Apple crisp breakfast cookies give you all the flavors of apple crisp in one tasty little package. Eat one for breakfast and your day is off to a great start.
Why you’ll love it: Breakfast cookies are a portable and healthy breakfast. Great for mornings when a grab-and-go breakfast is all you can manage!
How long it takes: just over a half hour
Equipment you’ll need: mixing bowl, mixer, baking sheet
Servings: 18 cookies
Cookies for breakfast? Sure, why not? Breakfast cookies are cookies that you can feel good about starting your day with. They feel a little indulgent but they’re made with a whole lot of healthy stuff like whole wheat flour, oats, flax seed, yogurt, apples, cinnamon, walnuts.
Apple crisp is one of my favorite desserts. I confess that often I eat leftover apple crisp with plain Greek yogurt for breakfast. These apple crisp breakfast cookies are another way I can have my favorite dessert as a delicious breakfast. (Try my blueberry apple crisp smoothie bowl, too!)
More About Breakfast Cookies
- They’re healthy and nutritious. Breakfast cookies are made with healthy ingredients like oats, whole grain flour, flax seed, walnuts, plain Greek yogurt, and apples. They are lightly sweetened and don’t contain a lot of fat. Each cookie has 5 grams of protein, a good amount of fiber, and just 180 calories. Since they are homemade, there are no preservatives or artificial ingredients.
- Kids and adults love them. If you struggle to find breakfast ideas that kids go for, this isn’t a bad option. Serve them with a glass of milk or a cup of yogurt and you can be assured that your child will have a good start to their day. Adults love them because they are convenient and can be eaten on the go.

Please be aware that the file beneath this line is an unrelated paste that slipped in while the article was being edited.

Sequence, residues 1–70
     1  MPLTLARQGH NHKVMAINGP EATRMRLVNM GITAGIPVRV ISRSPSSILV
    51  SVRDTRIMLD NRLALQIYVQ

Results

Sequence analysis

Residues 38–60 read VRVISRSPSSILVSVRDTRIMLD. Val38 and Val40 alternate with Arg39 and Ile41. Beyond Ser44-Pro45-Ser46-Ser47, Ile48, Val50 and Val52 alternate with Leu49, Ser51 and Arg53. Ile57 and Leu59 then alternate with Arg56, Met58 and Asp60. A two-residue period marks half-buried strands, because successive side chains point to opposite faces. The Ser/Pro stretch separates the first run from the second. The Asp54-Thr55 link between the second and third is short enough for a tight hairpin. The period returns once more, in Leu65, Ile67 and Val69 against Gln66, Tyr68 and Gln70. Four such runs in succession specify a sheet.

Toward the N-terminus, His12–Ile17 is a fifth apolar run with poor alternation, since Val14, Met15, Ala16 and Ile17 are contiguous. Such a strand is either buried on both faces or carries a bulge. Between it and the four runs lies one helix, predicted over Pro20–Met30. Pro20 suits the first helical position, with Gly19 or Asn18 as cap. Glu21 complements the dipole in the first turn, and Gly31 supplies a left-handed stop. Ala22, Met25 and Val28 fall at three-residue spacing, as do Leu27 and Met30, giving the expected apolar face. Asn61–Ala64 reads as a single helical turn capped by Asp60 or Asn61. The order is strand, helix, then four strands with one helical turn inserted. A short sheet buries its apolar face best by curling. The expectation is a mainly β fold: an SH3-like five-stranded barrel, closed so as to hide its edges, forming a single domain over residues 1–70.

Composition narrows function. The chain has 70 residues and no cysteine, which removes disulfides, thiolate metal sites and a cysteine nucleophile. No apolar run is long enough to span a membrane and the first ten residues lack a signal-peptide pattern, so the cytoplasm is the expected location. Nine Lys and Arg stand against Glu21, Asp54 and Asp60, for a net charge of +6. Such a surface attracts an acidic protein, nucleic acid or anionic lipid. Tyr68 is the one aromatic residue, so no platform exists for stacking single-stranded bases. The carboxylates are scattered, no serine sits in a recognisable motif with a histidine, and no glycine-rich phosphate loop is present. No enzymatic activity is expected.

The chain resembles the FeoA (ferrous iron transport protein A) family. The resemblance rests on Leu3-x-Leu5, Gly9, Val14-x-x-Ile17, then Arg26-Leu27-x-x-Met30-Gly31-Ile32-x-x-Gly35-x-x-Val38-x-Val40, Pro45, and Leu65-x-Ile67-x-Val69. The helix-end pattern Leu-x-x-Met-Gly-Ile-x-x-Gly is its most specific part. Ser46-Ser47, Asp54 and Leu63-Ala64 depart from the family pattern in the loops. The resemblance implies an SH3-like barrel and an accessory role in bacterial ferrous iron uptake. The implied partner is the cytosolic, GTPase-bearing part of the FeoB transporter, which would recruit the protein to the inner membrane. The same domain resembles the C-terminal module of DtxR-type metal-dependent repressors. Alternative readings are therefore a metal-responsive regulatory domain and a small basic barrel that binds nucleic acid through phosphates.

- Breakfast cookies are perfect for busy mornings. You can make a batch (or a double batch) of cookies on the weekend. They’ll be ready to serve all week long with no cooking involved.
How To Make Breakfast Cookies
The process is the same as any type of cookie. Cream together butter, sugar, yogurt and eggs. Add the flour, oats, spices, and flax seed. Stir in the walnuts and apples.
Bake on a cookie sheet until the cookies are firm. Cool them on a wire rack until they are completely cool. Store in an airtight container.
More Breakfast Cookies
Make Ahead Idea
Make a double batch of breakfast cookies and freeze one batch. It’s just as easy to make a double batch when you already have everything out!
Cool cookies completely before storing in an airtight container. They’ll keep at room temperature for up to five days; refrigerate for longer storage. Cookies can be frozen in a freezer-safe container or bag for up to 3 months.
- ¾ cup whole wheat flour
- ½ cup all-purpose flour
- 1 ½ cups rolled oats
- ¼ cup ground flax seed
- ¼ teaspoon salt
- 1 teaspoon baking powder
- 1 teaspoon baking soda
- 1 teaspoon ground cinnamon
- ¾ teaspoon freshly grated nutmeg (or ground nutmeg)
- ¼ cup unsalted butter, softened (½ stick)
- ½ cup plain Greek yogurt
- ⅔ cup dark brown sugar (light brown is okay, too)
- 1 teaspoon pure vanilla extract
- 2 large eggs
- 1 cup chopped walnuts
- 1 cup chopped Granny Smith apple (about one small apple)
- Preheat oven to 350°F. Prepare baking sheet by lining with parchment paper or Silpat.
- In a medium bowl, stir together both types of flour, oats, flax seed, salt, baking powder, baking soda, cinnamon, and nutmeg until combined. Set aside.
- In the bowl of a stand mixer (see note), cream together softened butter and yogurt. Add brown sugar and mix until combined. Add eggs and vanilla, mixing again until combined.
- With the mixer on low, gradually add the dry ingredients until just combined. Fold in walnuts and chopped apple.
- Scoop by ¼ cup spoonfuls onto prepared baking sheet. Bake for 15 for 17 minutes or until firm to the touch.
- Cool on baking sheet for 5 minutes; transfer to wire rack to cool completely before storing in an airtight container.
- Make a double batch and freeze one batch for easy breakfasts or snacks.
- If you don’t have a stand mixer, a hand mixer will work. You may have to stir in the dry ingredients if your mixer doesn’t have enough power.
This website provides approximate nutrition information for convenience and as a courtesy only. Nutrition data is gathered primarily from the USDA Food Composition Database, whenever available, or otherwise other online calculators.